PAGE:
Minecraft as an educational tool sparks my imagination and gets me excited about school, thinking, inventing, and creating every day. Since the game’s inception, I have been playing with my adult friends, my child, and all of my child’s friends. I have created summer camps for kids, brought the game to my classroom as a teacher, taught adults and educators how to play, and engaged in years of building and dreaming with friends across the globe. When #MinecraftEdu became an official software development of Microsoft, I knew that we would see great things ahead.
We are there. The great things are happening now. Minecraft: Education Edition has opened up new potentials, new possibilities, new ways to dream and think with computers. If you can think it, you can build it. With a refreshed collaborative spirit towards teaching, learning, thinking, and building, Minecraft: Education Edition could be the next best school we have not yet made.
Students ought to think with computers, but too often teachers place them at computers. The computer is an object-to-think-with.
One problem facing computer use in the classroom resides in their long history of sitting in the corner or up against the wall. Even though we frequently use computers as a software terminal kiosk, we have also known for a long time that there was another way to work with computers and students. Minecraft is one of those other ways — so what are you waiting for?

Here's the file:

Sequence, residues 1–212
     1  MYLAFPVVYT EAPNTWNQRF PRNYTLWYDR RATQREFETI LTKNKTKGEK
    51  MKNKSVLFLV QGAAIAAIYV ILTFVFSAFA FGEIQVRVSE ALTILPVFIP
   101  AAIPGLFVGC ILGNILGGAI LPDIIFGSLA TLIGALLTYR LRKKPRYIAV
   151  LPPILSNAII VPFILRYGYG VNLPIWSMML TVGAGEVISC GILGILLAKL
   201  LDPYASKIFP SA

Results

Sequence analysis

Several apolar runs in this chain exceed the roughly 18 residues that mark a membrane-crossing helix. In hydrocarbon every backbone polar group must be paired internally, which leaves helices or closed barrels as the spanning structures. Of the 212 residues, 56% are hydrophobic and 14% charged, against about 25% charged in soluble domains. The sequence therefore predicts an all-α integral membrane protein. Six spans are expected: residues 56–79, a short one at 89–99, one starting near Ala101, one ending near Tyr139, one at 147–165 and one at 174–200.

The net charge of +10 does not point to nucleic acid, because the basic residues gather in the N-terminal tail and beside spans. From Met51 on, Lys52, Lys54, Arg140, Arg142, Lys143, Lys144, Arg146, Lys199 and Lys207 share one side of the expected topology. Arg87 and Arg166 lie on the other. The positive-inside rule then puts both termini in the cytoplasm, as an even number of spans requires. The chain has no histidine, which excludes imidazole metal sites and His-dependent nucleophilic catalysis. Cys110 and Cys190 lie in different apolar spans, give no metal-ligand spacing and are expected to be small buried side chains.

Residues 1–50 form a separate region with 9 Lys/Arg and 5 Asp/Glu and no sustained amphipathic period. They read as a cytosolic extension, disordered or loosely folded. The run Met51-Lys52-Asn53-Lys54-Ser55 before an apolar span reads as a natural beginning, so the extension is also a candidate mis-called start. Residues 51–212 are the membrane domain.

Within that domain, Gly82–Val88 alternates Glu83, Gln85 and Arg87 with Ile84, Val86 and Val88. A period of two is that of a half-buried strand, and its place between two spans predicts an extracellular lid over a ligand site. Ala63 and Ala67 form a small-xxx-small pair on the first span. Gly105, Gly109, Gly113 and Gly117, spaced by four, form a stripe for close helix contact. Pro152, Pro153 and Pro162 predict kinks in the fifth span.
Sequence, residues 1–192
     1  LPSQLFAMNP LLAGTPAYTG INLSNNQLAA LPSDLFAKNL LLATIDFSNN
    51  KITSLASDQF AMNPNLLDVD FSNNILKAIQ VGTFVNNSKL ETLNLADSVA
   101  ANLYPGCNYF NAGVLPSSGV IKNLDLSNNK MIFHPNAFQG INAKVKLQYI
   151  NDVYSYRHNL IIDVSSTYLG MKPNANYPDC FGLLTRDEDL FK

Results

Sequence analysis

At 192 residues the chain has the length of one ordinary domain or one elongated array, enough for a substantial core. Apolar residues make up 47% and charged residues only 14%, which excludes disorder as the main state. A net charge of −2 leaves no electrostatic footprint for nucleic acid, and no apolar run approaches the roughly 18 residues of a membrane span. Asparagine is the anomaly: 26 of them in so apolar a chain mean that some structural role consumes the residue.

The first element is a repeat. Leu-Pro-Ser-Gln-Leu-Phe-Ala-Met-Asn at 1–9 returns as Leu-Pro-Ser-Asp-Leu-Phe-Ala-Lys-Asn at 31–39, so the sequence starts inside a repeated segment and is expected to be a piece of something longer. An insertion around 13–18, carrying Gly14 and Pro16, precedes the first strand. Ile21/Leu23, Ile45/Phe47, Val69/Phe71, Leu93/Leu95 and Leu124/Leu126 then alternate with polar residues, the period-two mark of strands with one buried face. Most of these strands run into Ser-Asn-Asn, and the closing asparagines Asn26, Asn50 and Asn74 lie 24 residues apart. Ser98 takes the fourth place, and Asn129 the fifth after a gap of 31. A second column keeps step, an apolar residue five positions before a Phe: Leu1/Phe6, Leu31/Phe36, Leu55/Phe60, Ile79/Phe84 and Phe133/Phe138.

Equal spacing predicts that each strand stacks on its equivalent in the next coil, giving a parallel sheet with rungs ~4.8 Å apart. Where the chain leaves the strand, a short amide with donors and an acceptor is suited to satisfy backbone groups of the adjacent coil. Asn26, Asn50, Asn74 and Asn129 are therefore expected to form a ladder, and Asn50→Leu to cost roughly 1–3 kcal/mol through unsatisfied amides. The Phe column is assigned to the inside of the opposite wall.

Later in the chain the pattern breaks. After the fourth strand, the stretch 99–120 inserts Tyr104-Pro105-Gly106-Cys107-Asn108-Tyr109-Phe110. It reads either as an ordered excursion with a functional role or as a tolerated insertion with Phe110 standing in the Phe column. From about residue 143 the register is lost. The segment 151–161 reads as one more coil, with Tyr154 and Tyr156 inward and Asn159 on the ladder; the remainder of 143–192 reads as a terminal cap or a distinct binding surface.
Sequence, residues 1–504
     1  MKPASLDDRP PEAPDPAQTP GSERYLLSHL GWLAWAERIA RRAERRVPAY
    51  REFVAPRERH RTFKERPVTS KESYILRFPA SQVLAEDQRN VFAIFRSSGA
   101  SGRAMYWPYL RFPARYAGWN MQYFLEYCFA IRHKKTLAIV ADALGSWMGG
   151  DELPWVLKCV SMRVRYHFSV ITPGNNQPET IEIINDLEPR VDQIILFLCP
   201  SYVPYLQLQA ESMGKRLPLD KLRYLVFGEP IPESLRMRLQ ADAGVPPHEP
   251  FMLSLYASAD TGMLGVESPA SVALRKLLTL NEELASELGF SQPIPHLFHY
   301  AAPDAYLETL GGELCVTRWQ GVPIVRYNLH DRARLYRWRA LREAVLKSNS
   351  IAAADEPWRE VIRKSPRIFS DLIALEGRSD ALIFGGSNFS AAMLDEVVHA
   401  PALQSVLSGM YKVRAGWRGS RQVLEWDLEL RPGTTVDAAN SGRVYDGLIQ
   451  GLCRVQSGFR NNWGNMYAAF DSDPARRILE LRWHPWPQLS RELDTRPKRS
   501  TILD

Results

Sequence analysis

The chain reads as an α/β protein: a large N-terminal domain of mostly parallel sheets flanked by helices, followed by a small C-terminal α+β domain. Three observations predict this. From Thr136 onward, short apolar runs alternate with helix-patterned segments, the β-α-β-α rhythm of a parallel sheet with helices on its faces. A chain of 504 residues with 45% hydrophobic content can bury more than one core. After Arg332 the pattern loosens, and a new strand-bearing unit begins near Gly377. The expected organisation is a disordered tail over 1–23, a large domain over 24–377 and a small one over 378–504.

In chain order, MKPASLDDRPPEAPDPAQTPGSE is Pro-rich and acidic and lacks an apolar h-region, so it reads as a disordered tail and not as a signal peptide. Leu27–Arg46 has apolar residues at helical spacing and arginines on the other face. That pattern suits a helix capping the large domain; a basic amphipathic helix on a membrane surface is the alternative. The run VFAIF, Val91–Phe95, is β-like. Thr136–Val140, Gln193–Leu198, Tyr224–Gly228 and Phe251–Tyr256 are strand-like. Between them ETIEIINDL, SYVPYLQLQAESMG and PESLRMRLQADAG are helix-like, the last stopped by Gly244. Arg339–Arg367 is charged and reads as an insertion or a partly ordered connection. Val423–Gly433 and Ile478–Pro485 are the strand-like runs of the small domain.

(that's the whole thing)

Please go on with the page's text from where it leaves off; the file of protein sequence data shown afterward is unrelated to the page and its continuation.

Students ought to think with computers, but too often teachers place students at computers. The computer is an object-to-think-with — an opportunity to extend and augment the human brain, not a push-button right-wrong answer machine. Minecraft: Education Edition has so much built in and ready-to-use. And with so much potential for you to build on your own, it will change school forever.
On 09/17/19, at 10am Pacific Time, an incredible group of educators worldwide will participate in a Twitter discussion about using Minecraft for teaching and learning. I hope you will join in, share some ideas, learn some ideas, and begin or continue your own journey into rethinking education with students.